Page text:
MBPP councillors warn about bogus monks

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THE Penang Island City Council (MBPP) is working closely with relevant authorities to warn the public about bogus monks appearing at the public markets and hawker centres on Penang island.


Speaking at a press conference at the Batu Lanchang hawker centre today, MBPP councillor Tan Soo Siang said the council has intensified its effort to crack down on bogus monks through collaborations with the Immigration Department, the police, Harmonico, the Malaysian Buddhist Association (MBA), and the United Buddhist Organisation (UBA).


“There is the bogus monk syndicate operating around the state, and we hope the public can be vigilant and cautious.


“Monks’ bowls are meant for food instead of cash money,” said Tan, who is also the MBPP Public Health and Licensing chairman.


Tan identified several hotspots frequently visited by bogus monks, including Cecil Street Market, Jelutong Market, Batu Lanchang Market, Bayan Baru Market, Ayer Itam Market, Padang Tembak Hawker Centre, Medan Angsana Complex, Chowrasta, Pulau Tikus Market, Pitt Street Complex, Stewart Lane Complex, and Lorong Baru Temporary Hawker Centre.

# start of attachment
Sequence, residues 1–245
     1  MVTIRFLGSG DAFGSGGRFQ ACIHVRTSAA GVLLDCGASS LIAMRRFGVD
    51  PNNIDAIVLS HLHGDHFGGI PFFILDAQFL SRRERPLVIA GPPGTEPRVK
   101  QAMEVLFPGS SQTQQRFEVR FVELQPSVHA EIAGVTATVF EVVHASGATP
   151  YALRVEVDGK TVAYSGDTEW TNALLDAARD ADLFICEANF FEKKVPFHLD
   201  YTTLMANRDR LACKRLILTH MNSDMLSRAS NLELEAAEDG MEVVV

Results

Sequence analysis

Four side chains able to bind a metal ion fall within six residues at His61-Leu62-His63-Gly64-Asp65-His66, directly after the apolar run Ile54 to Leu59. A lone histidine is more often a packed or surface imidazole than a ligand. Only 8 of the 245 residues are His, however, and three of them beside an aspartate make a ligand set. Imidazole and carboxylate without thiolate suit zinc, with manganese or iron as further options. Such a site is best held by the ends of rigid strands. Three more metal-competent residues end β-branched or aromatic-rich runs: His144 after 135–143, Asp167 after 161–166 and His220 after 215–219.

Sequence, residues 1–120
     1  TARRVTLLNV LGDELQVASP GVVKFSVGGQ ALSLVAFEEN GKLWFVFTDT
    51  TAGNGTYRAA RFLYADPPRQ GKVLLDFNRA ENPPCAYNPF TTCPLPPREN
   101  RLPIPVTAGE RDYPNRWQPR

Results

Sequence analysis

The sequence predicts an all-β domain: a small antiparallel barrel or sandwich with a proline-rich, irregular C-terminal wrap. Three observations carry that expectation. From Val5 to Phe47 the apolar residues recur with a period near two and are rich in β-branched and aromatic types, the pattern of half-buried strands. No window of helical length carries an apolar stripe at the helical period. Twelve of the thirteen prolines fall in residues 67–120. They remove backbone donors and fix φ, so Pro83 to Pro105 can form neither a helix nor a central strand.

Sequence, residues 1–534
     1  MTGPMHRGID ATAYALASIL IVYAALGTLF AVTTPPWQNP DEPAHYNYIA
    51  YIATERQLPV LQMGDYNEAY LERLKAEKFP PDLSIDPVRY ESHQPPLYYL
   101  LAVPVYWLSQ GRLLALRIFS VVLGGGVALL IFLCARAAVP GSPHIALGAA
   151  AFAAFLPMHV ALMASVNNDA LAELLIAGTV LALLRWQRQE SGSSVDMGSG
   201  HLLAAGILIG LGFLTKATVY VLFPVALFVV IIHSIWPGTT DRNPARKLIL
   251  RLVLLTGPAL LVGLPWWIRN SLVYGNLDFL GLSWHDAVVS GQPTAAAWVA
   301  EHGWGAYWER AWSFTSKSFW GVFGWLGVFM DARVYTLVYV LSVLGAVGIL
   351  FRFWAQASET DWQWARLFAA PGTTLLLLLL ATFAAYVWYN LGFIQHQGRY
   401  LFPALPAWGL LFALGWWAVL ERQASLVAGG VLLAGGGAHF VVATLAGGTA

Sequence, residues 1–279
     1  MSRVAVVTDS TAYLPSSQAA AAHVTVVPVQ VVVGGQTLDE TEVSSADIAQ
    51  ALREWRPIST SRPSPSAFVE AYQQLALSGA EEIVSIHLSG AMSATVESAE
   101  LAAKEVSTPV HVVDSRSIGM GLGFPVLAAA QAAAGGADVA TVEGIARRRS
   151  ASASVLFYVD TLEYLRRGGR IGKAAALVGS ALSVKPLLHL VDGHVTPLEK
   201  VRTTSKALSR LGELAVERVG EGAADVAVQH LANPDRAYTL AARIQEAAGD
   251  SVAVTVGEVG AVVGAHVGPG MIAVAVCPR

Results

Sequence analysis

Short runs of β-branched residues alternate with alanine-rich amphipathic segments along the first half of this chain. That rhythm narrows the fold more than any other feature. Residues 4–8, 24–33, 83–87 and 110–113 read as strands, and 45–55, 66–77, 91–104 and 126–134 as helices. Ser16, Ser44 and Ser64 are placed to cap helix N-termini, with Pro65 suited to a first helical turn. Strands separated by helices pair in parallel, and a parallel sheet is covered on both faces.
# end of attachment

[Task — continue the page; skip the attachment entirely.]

“We will carry out integrated operations with the relevant agencies to crack down on bogus monks,” she added.


Fellow councillor Ray Choong encouraged the public to report bogus monks to them if they come across them.


“We will take necessary action by cooperating with the Thai Consulate Penang, as bogus monks are mainly from our neighbouring country.

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Tan (standing front) posing for a photograph with those present during the press conference.

“According to the Consulate, they are not allowed to work or beg for money when they come to our country. Hence, they are liable for their offences,” he said, adding that the council does not have any legal authority to act against the syndicate.


Northeast District Crime Prevention Division chief DSP Salim Emin said the police would assist the council in stepping up its efforts against fake monks.


Harmonico general manager Paul Au urged the public to be extra vigilant when encountering fake monks, reminding that real monks do not receive money, but food.


Story by Edmund Lee
Pix by Nurul Hawa Farahin Hameddy